Question: Is the main problem intolerance, weak knowledge and ignorance?
The problem is ignorance. The educational system must emphasize that islam is a religion like others and jihadists are an ideological movement. Let’s not confuse the two. I don’t think it’s a question of tolerance – the problem is ignorance.
Question: Is it possible to find roots of terrorism in Islam?
If you want to find them, you can find them in the texts speaking about war and jihad. But war is one thing and terrorism is another. Contemporary jihadists read the Quran and extract from it those verses that refer to violence and then tell Muslims that it’s their duty to behave according to those words. One must be objective: there are references to war and violence but that is it. The problem is not whether it is there but whether it’s being used as a blueprint for action.
Question: How to successfully integrate Muslims in Europe and break stereotypes?
From the point of view of European governments, it is necessary to educate the public without magnifying or belittling the matter, without equating Islam either with only peace or with only war. It’s imperative to tell the public that the problem of terrorism comes from an ideology, not from a religion. There is certainly a connection between the two (religion and ideology) but it must all be properly explained. What’s most needed is an extensive reform of education in this field. If European governments can achieve this, then the public will be supportive of their policies. With regard to the politics of the Muslim communities in Europe, European governments must use all of their resources to educate them about democracy and pluralism outside of the influence of the Jihadists. It’s necessary to support democratic forces within the Muslim communities and allow for a debate between the Jihadists and counter-Jihadists. If that debate takes place, I think counter-Jihadists will win. Young Muslims are frustrated because they see that the dominant force in their community tells them: if you don’t do this and this, you go against islam. Nobody tells them that one may attend a Mosque without having to follow fundamentalism. What is necessary is to strengthen the weak side of democracy, secularism, women’s and student organizations or artists who all stand on the side opposite to Jihad.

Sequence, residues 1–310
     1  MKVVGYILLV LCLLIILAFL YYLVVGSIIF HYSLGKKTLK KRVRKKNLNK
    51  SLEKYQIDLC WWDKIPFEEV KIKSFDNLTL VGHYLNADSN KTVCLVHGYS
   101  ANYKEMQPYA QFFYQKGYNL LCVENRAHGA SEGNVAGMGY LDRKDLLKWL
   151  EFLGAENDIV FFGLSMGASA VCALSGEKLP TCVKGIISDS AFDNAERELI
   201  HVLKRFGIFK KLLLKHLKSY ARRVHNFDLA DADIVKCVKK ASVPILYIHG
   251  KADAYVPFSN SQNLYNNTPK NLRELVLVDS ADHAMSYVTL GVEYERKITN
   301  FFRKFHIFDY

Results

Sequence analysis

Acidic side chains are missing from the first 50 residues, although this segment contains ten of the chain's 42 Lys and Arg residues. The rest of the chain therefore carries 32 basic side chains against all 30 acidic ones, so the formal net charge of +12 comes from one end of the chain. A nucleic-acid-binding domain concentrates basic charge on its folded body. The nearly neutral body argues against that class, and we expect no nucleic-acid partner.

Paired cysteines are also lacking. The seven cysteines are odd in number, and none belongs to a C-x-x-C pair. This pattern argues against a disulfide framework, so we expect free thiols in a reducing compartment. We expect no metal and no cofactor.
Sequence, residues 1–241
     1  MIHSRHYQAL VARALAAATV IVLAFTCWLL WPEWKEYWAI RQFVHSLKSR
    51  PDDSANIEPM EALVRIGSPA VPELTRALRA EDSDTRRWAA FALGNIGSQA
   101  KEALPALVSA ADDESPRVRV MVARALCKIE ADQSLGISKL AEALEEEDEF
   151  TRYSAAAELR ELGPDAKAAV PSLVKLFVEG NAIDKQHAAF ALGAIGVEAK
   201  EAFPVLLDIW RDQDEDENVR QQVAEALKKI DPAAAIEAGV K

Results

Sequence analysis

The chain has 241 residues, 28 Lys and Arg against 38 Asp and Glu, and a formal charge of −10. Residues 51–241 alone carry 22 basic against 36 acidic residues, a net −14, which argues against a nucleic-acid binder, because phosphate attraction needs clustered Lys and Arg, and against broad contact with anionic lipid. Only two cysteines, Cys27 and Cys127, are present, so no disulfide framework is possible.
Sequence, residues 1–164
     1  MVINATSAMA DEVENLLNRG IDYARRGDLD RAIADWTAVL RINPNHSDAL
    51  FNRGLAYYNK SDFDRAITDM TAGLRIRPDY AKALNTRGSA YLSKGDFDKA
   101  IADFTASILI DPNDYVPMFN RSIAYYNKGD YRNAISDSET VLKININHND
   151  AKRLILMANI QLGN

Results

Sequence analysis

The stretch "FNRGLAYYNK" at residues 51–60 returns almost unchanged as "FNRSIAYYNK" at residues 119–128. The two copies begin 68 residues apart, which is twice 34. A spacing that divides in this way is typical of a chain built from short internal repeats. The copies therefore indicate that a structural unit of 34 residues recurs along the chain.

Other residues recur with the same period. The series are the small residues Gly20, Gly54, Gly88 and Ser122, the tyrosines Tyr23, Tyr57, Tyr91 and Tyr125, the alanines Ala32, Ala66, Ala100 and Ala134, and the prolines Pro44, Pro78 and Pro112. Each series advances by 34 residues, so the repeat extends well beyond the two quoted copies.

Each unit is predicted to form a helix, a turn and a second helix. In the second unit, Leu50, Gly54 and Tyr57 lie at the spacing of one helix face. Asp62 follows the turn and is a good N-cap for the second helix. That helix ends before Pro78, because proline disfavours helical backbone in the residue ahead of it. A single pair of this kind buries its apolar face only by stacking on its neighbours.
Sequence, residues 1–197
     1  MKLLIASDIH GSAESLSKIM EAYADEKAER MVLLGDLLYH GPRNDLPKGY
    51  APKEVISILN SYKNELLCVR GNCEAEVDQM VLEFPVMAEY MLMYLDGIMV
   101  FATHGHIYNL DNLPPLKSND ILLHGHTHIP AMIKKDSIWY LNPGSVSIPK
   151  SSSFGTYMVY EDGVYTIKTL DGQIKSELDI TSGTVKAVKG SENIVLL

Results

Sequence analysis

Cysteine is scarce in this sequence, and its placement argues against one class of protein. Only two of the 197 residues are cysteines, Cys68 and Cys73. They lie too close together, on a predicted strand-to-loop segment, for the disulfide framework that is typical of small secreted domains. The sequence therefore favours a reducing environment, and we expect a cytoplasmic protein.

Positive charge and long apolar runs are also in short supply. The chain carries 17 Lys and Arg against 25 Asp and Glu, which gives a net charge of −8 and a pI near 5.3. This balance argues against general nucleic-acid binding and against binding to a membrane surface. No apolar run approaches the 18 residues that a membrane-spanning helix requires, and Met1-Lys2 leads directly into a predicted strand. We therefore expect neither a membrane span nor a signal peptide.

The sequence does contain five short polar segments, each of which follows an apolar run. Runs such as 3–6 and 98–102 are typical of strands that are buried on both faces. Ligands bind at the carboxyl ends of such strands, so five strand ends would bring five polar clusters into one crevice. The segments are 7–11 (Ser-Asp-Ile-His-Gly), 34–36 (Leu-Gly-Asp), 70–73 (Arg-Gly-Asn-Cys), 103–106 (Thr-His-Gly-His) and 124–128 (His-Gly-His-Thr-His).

Question: Do Western governments know what they must do?
No. We are in a critical stage. The majority of European governments and politicians, and this goes also for the USA, has advisers and experts coming from the Middle East or from universities where their positions are paid by oil-producing regimes of the Middle East. These experts devise strategies for their governments which all say one thing: if there is Muslim extremism, it is due to your foreign policy (Israel-Palestine etc.) or due to the way you treat Muslim immigrants at home. They don’t say that extremism is a result of a movement. Governments have for decades marginalized and ignored the problem and now after 9/11 ask themselves where it comes from. What should be done now? We must cultivate a new generation of academics, people, who will understand this, to involve dissidents from the Arab world who would inform us about the reality of this struggle.